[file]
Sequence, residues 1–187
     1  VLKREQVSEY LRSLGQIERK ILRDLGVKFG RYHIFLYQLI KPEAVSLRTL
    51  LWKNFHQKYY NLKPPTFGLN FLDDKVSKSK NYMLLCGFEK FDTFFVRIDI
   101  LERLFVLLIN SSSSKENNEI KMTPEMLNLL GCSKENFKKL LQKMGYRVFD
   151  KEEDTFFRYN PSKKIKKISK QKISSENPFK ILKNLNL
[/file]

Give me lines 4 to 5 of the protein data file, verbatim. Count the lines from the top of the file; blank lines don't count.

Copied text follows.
   101  LERLFVLLIN SSSSKENNEI KMTPEMLNLL GCSKENFKKL LQKMGYRVFD
   151  KEEDTFFRYN PSKKIKKISK QKISSENPFK ILKNLNL